So what was presented as a drive for fundamental reform has turned into an exercise in damage limitation: how to limit the damage that EU membership inflicts on us. And even that has scarcely been achieved. The only way to end the damage is to leave.

As Chancellor, I became increasingly aware that, in economic terms, membership of the EU did us more harm than good. And that was before the arrival of European monetary union, which occurred after I had left office, and which has had such a disastrous economic effect on the EU.

But it is unsurprising that it brings no economic benefit, for the European Union has never been an economic project. It is has always been a political project, with a political objective which we in the UK do not share. That is the fundamental reason, above all others, why we must vote to leave.

That objective is the creation of a full-blooded political union, a United States of Europe.

That is what “ever closer union” is all about. As the 1983 Solemn Declaration on European Union makes explicit, this is not simply a union of the peoples of Europe but a wholehearted political union of the member states.

That is what monetary union is all about. The father of European monetary union was Jacques Delors, the former President of the European Commission. I knew him very well, since before he became President of the Commission he was France’s finance minister and my opposite number. He fully understood that you cannot have a workable monetary union without a fiscal union, and you cannot have a fiscal union without a political union. That was the object of the whole exercise.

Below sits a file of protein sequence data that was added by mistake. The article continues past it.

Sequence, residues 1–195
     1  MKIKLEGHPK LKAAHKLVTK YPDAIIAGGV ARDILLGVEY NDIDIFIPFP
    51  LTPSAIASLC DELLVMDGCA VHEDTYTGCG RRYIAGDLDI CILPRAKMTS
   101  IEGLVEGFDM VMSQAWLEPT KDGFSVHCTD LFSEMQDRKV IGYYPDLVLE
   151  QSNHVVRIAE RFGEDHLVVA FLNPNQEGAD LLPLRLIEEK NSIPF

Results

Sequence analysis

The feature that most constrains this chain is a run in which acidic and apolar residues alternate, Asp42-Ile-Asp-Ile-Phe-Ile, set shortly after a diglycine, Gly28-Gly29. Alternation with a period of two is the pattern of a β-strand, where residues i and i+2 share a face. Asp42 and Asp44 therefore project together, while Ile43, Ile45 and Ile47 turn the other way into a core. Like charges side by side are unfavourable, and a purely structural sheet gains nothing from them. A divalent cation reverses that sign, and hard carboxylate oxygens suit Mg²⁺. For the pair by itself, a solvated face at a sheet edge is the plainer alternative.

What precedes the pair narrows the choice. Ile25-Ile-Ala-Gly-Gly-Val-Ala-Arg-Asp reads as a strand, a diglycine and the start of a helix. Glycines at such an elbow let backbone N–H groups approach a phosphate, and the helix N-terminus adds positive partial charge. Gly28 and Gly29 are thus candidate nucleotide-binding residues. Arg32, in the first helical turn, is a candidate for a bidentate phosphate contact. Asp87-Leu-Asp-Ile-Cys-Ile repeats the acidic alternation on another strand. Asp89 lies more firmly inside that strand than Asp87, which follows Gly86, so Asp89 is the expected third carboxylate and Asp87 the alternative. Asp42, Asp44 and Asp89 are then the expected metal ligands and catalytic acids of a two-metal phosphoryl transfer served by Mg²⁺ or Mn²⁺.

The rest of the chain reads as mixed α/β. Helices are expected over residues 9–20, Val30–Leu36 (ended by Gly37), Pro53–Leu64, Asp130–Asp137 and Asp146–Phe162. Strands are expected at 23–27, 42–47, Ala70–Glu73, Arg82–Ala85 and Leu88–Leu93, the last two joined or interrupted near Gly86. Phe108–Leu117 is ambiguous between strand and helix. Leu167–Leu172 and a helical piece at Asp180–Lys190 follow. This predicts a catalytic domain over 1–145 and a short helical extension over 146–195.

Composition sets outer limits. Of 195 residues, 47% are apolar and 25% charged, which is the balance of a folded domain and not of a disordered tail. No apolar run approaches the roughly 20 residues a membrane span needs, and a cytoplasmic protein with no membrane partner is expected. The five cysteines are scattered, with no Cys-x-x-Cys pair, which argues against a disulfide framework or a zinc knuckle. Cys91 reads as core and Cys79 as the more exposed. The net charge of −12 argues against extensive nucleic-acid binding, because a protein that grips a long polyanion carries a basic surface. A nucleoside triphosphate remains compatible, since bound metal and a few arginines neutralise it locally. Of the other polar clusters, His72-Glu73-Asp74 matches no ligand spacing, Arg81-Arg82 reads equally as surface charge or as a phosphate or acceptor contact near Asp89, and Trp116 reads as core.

Hence the proposal, in the European Commission’s so-called “Five Presidents’ Report” of June last year, for a single Eurozone Finance Ministry and a single Eurozone Finance Minister by 2025. This is clearly not right for us, and we must leave. Otherwise, although we have a notional “opt-out” from the political union, we will still be obliged to accept EU laws framed with this object in mind.

I have been asked “what, then, is your alternative to being in the European Union?” A more foolish question is hard to imagine. The alternative to being in the European Union is not being in the European Union. Most of the world is not in the European Union – and most of the world is doing better than the European Union.

So far as the detail is concerned, the morass of EU regulation, much of which is costly, unnecessary and undesirable, would become UK regulation, which we would then be free to accept, repeal or amend as our national interest requires.

Above all, we would become once again a self-governing democracy, with a genuinely global rather than a little European perspective. We would prosper, we would be free, and we would stand tall. That is what this referendum is all about.

Our Chairman’s comments on the “British Model”

Edward Spalton, Our Chairman, sent the following letter to several local and national newspapers:-

Sir,                                                                 “The British Model”
Just as the pantomime season has ended, Mr. Cameron is putting on a show of this title. It is the name for his new romance with the EU, which will lock us permanently, formally and happily ever after into second class membership but with a first class subscription.
The script and choreography are written although some of the parts still remain to be cast. It could be a one performance show with a finale in June or it may run and run until the end of 2017.
One sketch is called “The Emergency Brake”. This is the mechanism by which the British government can restrict the influx of EU migrants if there are too many of them to cope with. But it’s not a matter for the driver’s decision, as is usually the case in emergencies. He first has to stop, get out of the cab, go to Brussels and ask permission to apply the brake. If it is granted, he comes back again and applies the brake. If not, the vehicle continues to gather speed. It makes an interesting comic interlude.
The independent countries in the European Economic Area (Norway, Iceland and Liechtenstein) have an Emergency Brake too. They don’t have to ask anybody’s permission to use it.